duologue: a conversation with r beny || stationary travels

sun june – years

sun june shares some commonalities with another austin outfit on this list, all the more reason to keep a steadfast ear to the ground for music coming out of that particular city.  on years, the band’s debut full-length for keeled scales, laura colwell and company offer up ten spare tracks that synthesize 1960s pop, early-2000s r&b, and country ornamentations, colwell’s electric piano and the telecaster’s more mellow spectrum teaming up with a tasteful rhythm section for slow-burning standouts like “johnson city” and the muted gleam of opening number “discotheque.”

years review || dimestore saints
a road (opening): on sun june’s years LP || gold flake paint

tierra whack – whack world

maybe whack world is an album, or maybe it’s, as its creator describes it, a “visual and auditory project.”  while its classification is debatable, the fact that tierra whack offered up something that frustrated a playlist-oriented, algorithmic streaming economy while simultaneously capitalizing on the limitations of instagram videos makes whack world decidedly a product of its time.

and what a product it is.  watching the fifteen-minute project in its audio/visual form is obviously the intended method of consumption; whack’s world is a vibrant one that toggles between playful pastiche and snippets of sincerity, a dichotomy reinforced by the characters whack portrays in each vignette.  an exercise in limitation and unabashed originality, whack world is one of 2018’s truly unique releases.

tierra whack can’t be pinned down || stereogum
tierra whack is building her own world || the fader

video age – pop therapy

a quintessential album of the summer, video age’s pop therapy picks up right where the new orleans duo’s 2016 living alone leaves off, putting synths that previously sat in the background squarely at the center of their balmy new wave exercises.  the production across pop therapy is top-notch, with each song carving out its own little niche as ross farbe and ray micarelli steer their sophomore vessel towards its therapeutic destination.

pop therapy review || dimestore saints
comfort without a catch || the new orleans advocate

hovvdy – cranberry

– featured image courtesy of bronwyn walls – 

“album of the fortnight” is a bi-weekly feature that digs into a recent release of note. the articles will run roughly during the middle and at the end of each month, always on a friday; the album or body of work in question will have been released at some point during that two-week span. this column focuses on art that resonates deeply, on pieces that necessitate more than just a knee-jerk reaction.  next up: hovvdy.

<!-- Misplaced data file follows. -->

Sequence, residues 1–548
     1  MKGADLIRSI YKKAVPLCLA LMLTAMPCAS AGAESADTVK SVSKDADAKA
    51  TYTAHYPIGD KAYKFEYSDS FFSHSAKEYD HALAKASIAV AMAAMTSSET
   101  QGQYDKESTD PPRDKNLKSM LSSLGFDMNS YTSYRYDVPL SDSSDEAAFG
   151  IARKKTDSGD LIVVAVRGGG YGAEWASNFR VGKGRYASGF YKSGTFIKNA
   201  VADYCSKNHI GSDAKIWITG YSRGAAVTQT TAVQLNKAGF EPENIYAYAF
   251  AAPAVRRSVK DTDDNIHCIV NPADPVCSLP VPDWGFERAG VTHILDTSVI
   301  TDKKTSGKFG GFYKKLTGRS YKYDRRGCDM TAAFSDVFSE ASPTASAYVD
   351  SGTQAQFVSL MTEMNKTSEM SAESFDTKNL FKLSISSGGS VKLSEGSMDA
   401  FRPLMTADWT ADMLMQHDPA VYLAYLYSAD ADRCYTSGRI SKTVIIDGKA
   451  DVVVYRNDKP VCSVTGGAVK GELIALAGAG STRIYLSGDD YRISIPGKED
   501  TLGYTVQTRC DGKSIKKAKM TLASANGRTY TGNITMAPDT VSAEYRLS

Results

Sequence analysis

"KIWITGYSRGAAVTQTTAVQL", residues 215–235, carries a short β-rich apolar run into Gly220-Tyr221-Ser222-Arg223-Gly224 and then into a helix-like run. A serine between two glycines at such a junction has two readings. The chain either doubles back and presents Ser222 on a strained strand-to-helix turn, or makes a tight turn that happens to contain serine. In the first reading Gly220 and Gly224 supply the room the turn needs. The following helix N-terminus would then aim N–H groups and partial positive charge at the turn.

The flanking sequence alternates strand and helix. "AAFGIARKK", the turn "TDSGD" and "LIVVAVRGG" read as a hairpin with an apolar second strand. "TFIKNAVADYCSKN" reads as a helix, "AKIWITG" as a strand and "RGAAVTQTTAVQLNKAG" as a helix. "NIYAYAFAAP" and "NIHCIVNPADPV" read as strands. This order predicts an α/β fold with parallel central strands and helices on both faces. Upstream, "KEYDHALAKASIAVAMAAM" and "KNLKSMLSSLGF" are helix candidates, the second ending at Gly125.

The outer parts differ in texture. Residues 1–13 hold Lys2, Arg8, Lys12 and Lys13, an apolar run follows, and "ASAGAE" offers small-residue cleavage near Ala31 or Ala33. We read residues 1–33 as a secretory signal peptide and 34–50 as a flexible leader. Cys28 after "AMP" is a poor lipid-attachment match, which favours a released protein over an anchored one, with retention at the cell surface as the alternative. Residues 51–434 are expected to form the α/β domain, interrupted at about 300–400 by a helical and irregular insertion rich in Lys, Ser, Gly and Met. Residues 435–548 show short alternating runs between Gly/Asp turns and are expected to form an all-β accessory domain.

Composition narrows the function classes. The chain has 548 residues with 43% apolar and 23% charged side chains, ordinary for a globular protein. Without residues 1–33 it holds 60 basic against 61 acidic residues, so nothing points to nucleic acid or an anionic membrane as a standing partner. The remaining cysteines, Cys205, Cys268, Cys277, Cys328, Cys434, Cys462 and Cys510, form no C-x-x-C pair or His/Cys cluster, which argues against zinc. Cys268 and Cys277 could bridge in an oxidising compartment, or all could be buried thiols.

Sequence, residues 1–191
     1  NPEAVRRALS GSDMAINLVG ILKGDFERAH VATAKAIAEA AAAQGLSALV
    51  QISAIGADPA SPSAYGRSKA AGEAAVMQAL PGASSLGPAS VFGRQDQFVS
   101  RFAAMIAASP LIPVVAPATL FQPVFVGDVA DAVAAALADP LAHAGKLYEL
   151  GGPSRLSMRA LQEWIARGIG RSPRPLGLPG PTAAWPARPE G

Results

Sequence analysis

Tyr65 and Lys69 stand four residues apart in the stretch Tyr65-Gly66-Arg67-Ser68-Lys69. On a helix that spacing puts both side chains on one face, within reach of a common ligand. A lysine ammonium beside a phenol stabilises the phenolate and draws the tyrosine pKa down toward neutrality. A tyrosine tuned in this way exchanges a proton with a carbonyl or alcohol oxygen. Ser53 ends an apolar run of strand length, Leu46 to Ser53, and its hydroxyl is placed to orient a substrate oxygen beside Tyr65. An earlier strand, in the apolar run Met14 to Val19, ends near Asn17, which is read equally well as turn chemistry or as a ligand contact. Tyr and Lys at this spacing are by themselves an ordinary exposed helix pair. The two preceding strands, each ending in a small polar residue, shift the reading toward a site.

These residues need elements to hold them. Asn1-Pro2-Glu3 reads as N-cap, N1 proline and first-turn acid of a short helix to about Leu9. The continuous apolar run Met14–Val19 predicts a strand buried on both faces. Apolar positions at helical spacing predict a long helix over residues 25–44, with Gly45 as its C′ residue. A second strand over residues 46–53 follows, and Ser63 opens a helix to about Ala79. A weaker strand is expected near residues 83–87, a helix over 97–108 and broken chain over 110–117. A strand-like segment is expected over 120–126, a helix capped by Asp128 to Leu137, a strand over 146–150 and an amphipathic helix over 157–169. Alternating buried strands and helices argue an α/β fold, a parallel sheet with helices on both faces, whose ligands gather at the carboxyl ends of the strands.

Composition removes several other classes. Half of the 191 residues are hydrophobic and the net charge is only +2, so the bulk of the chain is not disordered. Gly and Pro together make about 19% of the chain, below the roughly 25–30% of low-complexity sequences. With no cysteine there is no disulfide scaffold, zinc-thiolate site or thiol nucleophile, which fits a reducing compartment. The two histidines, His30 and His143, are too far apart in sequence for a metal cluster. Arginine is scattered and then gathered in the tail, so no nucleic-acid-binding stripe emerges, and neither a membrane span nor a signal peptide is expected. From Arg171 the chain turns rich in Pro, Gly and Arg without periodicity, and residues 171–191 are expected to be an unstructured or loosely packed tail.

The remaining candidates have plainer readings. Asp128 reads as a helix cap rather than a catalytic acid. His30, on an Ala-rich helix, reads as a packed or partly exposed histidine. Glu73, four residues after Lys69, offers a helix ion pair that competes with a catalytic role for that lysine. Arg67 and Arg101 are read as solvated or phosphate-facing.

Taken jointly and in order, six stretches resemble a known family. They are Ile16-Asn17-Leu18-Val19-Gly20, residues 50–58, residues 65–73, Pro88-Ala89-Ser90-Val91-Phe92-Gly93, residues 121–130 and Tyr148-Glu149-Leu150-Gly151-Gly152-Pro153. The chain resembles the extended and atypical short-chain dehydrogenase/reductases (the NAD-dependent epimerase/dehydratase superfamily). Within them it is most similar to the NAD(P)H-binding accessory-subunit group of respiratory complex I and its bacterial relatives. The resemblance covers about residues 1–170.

Austin duo hovvdy’s 2016 album taster is warm, understated, and timeless; its eleven tracks are doused in a collective nostalgic haze, a collage of comfort that executes its function time and again.  double double whammy reissued taster in april of last year and rumblings of a follow-up soon began percolating.  the end result, cranberry, finds charlie martin and will taylor tightening up hovvdy’s core blueprints while confidently venturing out into new sonic territory.

cranberry is compact and potent: twelve songs that clock in around thirty-five minutes.  it’s clear from the hushed vocals that tentatively trace the outlines of opening number “brave” that hovvdy is intent on basking in its signature blend of warmth, the edges obscured by crackling overdrive and arrangements that slowly unravel back to their foundation.  this theory is further supported by singles like “in the sun,” “petal,” and “late,” a trifecta of hovvdy’s core tenets which easily could have nestled in on the album’s predecessor.

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listen closely, however, and these pillars of cranberry feel less anodyne than they may first appear.  the production has shifted cautiously out of a lo-fi realm while still taking time to maintain that appearance, and the arrangements are often fleshed out by foreign timbres.  in this sense, martin and taylor seem to be easing themselves – and their audience – into the aforementioned sonic departure; case in point: the pastoral synth lead that meanders through “in the sun” presages the largely-electronic composition of “thru,” and returns as a familiar touchstone throughout the rest of cranberry.

this practice of using familiarity to anchor tangential ventures eventually yields “truck,” a gorgeous turn at alt-country filtered through hovvdy’s slow-core lens.  in hindsight, the use of banjo sprinkled throughout previous tracks all but foreshadows the song’s arrival, but the beauty of its pedal-steel treatment is difficult to adequately describe; it’s best to just be heard and felt.  zooming out, “truck” is indicative of what martin and taylor are able to accomplish across hovvdy: growth and maturation as collaborative songwriters who are confident enough to tweak the foundation of their aesthetic as needed.

the enduring gift of hovvdy is the duo’s use of space.  it’s easy to spot and appreciate on sparse tracks, like the penultimate cut “colorful” and the woozy instrumental interlude “tub,” but even full-bodied tracks like “petal” contain unbelievable levels of headroom that is hard not to marvel at.  that wide-open, panoramic end result is partially due to compositional choices – such as the openness of guitar chords and the relaxed feel that permeates the percussion – to be sure, but it’s also implied by the ubiquity of the album’s lyrics, intimate snapshots that leave room for interpretation based on personal experiences.